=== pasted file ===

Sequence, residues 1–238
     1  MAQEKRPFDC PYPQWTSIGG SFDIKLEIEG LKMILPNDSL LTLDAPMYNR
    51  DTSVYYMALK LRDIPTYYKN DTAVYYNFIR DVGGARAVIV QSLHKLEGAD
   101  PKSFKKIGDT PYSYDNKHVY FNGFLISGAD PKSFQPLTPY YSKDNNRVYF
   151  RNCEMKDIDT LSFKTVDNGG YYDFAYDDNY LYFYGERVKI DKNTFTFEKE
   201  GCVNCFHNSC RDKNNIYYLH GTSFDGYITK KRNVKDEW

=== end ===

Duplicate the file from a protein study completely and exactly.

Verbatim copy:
Sequence, residues 1–238
     1  MAQEKRPFDC PYPQWTSIGG SFDIKLEIEG LKMILPNDSL LTLDAPMYNR
    51  DTSVYYMALK LRDIPTYYKN DTAVYYNFIR DVGGARAVIV QSLHKLEGAD
   101  PKSFKKIGDT PYSYDNKHVY FNGFLISGAD PKSFQPLTPY YSKDNNRVYF
   151  RNCEMKDIDT LSFKTVDNGG YYDFAYDDNY LYFYGERVKI DKNTFTFEKE
   201  GCVNCFHNSC RDKNNIYYLH GTSFDGYITK KRNVKDEW